Still, what will happen with Iran? And how can any president reject Israeli settlements when the Israel lobby in this country has demonstrated its power? Nancy Pelosi is speaking today (or was it yesterday) to AIPAC in Washington. I wonder how strongly she criticized Jewish settlements on Arab lands -- not too loudly I venture to say, but if I'm wrong, bravo Nancy!


Asheville, N.C.: The complicity between Republicans and Democrats has many manifestations, including too-ready deference to executive power, a narrowed interpretation of what (who?) our elected representatives represent and how they're bound, conceding the power to make war to the president, and so on. Interestingly, whether Iraq is just Kennedy's Bay of Pigs gone wrong hasn't been broached, has it? What's more, why haven't some of Bush's more provocative foreign policy maneuvers in the run-up to 9/11 -- such as changing the DOD's war planning to focus on China and its related aftermath, the downing of the American spy plane, etc. -- been raised as though they counted in all the planning done? Even the PNAC's reference to the appropriateness of another Pearl Harbor to justify a more resolute approach doesn't seem to have gelled with anyone, yet another sign of the deafness that reigns supreme.

Tony Smith: An imperialist mind-set was typical of both parties, and now there are elements of both -- Hagel and Baker among the Republicans for example, Obama and maybe Dodd for the Democrats -- who are being more realistic. But another terrorist attack, or attacking Iran, and we will be back to square one I fear. Thanks for your comment.


One torn liberal: Hi, thanks for taking questions. I confess I initially supported withdrawal from Iraq but now am beginning to believe that total and complete withdrawal might be a mistake. It infuriates me that we even went to Iraq in the first place, but it seems to me now that a precipitous pull-out would do more harm than good. I wish our elected Dems would have an open debate with each other about this, as I feel the hard-left liberals are pressuring some into making policy statements they may not really believe in. Your thoughts?

Tony Smith: I agree with you that just because the decision to invade was a horrendous mistake, that doesn't mean a quick and total withdrawal is the best way to go.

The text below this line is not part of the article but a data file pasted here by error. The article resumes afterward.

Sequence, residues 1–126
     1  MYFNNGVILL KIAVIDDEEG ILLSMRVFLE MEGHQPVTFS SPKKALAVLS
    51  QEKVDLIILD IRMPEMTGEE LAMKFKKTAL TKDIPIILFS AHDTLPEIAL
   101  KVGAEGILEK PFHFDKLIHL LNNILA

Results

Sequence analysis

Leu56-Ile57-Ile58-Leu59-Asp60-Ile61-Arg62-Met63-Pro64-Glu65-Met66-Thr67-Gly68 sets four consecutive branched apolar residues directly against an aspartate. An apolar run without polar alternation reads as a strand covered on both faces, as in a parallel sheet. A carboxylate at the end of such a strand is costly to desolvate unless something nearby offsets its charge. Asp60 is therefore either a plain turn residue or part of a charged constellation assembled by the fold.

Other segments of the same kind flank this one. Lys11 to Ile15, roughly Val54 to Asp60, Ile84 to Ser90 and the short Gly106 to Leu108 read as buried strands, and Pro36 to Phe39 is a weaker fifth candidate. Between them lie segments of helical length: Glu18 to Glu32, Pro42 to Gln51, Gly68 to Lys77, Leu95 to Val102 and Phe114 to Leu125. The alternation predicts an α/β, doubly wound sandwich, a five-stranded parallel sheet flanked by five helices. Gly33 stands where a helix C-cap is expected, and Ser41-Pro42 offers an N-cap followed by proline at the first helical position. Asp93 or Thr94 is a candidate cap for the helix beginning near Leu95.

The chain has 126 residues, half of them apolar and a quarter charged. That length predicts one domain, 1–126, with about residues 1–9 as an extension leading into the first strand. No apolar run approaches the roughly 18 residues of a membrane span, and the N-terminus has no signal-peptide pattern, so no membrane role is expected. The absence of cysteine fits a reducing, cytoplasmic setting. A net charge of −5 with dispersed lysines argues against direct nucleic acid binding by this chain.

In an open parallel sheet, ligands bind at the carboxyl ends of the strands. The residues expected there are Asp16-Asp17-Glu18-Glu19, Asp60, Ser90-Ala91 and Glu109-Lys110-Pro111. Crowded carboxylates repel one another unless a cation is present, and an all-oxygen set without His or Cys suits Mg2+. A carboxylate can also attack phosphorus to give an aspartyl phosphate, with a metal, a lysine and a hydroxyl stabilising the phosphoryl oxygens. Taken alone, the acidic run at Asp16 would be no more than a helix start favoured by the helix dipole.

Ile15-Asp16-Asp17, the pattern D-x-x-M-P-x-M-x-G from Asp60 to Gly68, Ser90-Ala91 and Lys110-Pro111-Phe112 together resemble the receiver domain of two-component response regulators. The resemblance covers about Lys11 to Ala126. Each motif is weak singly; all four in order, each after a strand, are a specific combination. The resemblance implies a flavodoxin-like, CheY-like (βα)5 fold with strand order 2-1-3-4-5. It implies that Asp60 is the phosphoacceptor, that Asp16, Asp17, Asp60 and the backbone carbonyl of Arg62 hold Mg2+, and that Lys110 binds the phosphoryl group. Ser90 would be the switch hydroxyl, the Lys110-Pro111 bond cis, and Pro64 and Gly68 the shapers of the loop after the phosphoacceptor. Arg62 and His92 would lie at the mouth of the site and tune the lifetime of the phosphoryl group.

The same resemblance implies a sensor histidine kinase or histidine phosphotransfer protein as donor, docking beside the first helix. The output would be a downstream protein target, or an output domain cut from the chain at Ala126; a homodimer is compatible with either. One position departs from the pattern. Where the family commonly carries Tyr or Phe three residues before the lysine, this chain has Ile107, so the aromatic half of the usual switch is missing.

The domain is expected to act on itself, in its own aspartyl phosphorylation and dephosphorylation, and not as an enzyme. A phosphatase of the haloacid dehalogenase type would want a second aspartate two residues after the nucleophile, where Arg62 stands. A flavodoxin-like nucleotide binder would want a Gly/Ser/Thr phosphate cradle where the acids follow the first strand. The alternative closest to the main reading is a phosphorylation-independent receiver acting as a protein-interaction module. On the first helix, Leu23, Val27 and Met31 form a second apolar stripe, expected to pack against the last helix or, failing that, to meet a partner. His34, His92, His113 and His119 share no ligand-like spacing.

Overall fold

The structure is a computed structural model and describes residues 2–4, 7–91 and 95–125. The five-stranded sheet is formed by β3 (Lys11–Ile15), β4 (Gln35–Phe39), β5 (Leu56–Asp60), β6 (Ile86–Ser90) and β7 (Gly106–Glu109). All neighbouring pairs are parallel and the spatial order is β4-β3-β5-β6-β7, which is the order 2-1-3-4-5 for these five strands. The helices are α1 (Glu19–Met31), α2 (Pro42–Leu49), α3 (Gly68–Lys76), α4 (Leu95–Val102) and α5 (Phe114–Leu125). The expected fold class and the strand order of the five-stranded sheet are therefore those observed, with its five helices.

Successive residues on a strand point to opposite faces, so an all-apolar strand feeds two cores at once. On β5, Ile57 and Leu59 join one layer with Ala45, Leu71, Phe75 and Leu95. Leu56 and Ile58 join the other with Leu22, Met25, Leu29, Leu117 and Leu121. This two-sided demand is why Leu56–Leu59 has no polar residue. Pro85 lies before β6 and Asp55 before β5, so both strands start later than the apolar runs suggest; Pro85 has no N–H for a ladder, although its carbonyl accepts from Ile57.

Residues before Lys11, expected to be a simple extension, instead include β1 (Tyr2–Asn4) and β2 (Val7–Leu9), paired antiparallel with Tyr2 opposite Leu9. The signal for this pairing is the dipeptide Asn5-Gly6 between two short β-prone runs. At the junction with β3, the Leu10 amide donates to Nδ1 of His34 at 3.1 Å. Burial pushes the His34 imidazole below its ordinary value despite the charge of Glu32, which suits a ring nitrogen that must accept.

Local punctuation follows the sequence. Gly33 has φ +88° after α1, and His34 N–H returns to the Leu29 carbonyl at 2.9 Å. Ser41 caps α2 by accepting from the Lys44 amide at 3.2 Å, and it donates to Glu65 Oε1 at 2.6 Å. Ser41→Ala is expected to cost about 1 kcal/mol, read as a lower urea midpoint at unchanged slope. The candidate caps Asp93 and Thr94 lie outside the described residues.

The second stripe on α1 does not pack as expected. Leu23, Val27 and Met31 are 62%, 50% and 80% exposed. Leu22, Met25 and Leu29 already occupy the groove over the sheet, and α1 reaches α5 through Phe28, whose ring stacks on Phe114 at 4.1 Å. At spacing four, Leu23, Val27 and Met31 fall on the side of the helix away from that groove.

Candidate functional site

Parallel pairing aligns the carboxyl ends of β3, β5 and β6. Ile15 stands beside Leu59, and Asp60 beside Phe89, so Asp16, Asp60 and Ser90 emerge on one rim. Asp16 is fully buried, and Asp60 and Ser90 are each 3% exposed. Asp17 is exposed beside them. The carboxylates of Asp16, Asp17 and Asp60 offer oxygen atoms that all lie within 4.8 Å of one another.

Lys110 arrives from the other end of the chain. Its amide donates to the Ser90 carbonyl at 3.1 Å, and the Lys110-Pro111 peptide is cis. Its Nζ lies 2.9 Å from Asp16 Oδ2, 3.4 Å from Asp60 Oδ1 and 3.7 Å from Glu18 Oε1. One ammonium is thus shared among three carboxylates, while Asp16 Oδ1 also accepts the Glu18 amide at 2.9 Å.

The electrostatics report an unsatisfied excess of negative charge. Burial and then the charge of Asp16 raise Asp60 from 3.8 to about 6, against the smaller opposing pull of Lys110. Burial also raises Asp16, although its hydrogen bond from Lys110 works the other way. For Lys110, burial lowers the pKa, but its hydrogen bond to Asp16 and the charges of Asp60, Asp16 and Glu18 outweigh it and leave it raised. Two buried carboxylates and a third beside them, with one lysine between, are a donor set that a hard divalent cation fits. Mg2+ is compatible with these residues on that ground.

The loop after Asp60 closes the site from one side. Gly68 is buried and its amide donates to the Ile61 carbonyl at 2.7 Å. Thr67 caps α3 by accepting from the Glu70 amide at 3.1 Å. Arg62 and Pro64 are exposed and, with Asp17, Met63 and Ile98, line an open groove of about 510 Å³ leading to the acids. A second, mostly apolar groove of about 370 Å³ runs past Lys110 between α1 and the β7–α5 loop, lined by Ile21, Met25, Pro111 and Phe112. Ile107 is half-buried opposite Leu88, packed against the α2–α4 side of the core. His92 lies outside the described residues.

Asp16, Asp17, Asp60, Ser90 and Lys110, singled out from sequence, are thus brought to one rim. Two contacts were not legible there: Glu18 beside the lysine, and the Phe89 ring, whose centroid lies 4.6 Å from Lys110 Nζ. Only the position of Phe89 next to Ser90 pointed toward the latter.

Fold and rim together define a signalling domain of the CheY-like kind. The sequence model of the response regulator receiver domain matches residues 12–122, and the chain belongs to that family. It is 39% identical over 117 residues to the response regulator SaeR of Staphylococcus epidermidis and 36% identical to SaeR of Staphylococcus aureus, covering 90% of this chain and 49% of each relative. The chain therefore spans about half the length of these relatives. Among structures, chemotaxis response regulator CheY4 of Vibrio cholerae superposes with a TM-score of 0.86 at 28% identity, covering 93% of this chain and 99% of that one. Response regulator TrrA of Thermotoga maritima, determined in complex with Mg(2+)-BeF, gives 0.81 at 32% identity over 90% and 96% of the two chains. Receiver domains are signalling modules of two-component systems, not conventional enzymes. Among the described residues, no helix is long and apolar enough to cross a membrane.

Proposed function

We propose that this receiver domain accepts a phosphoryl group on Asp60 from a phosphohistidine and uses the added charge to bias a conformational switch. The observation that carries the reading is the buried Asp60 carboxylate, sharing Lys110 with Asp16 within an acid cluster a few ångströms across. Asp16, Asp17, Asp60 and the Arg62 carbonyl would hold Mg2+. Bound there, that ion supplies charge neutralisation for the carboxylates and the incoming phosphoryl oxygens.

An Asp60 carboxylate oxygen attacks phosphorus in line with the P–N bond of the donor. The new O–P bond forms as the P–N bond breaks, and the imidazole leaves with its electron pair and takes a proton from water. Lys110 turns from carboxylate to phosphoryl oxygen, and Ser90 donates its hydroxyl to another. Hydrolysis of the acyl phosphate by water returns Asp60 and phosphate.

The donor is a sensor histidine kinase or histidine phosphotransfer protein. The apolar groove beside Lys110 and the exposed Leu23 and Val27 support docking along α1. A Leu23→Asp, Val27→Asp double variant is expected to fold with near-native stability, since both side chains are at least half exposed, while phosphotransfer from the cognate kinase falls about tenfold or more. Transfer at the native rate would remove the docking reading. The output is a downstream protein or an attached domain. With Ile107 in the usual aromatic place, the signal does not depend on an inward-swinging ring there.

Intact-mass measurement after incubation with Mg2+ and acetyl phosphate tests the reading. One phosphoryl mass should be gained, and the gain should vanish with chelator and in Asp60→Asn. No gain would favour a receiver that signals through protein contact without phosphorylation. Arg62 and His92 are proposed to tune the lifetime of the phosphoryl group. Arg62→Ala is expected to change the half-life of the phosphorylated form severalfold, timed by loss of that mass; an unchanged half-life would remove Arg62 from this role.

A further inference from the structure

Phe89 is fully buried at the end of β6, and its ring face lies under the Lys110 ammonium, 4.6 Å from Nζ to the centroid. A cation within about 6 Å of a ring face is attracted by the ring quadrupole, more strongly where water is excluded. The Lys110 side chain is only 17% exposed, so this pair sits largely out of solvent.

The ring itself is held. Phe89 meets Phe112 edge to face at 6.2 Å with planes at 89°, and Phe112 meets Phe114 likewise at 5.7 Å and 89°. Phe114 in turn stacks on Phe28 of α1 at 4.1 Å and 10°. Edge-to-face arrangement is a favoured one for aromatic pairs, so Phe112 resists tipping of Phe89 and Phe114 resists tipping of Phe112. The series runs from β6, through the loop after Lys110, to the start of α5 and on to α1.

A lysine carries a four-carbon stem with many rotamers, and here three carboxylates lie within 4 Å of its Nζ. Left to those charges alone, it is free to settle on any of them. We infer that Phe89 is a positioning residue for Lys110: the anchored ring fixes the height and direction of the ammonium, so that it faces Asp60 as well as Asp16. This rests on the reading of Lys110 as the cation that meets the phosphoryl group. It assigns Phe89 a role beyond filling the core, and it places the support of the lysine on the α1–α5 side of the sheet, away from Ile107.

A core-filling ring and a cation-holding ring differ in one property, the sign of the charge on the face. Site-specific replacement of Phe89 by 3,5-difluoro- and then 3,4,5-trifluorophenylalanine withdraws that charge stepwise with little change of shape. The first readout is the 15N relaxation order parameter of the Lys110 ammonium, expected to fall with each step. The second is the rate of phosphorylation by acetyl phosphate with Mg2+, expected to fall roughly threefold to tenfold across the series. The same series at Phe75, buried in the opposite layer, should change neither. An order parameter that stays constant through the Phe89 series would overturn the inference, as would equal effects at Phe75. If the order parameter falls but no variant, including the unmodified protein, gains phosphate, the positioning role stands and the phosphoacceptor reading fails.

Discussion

Still, what can we hope to accomplish by staying? The requirements of stabilizing this mess would be so long and costly that the only thing to do now is to plan an orderly withdrawal and hope for the best, in my opinion. But I agree that simply terrible things may happen after we leave.


Virginia, Minn.: Good morning, sir. I am a Democrat, though not in Congress. But if I were, here is what I would do:

(1) Immediately end all funding for private American contractors and hire Iraqi contractors. I think part of the insurgency is driven by the fact that the Iraqi economy has been hurt substantially by the private American contractors.

(2) End the use of cluster bombs. Again, I think some of the insurgency is driven by the fact that many civilians were killed early in the war by the use of cluster bombs. Some insurgents may be angry relatives. (Personally, though I acknowledge that some insurgents are terrorists, I think they are in the minority.)

(3) Issue a formal apology to the Iraqi people and promise to never again start a preemptive war and to abandon the 1% Doctrine.

(4) Begin a slow withdrawal of troops.

(5) Bring warring factions in Iraq to a negotiating table.

In the long term: Never interfere in a country's internal affairs unless that country's people ask us for help as they did in the former Yugoslavia, though it took a while for us to answer. Sign the Kyoto Protocol and the ICC Treaty. Vow that any Americans who participated in torture be brought before the ICC -- this could help our standing in the world's eyes.

What do you think? You can be brutally honest. I can take it ... thank you.

Tony Smith: I like what you are saying but doubt you'd ever win elective office! The idea of offering a Day of Contrition for the suffering we have needlessly inflicted, and of imprisoning the rip-off contractors we have allowed to make war profits, along with impeachment proceedings instead of promotions (as with Wolfowitz) all appeal to me. But that's why I am a harmless college professor and you probably don't have much throw-weight either! Best to you!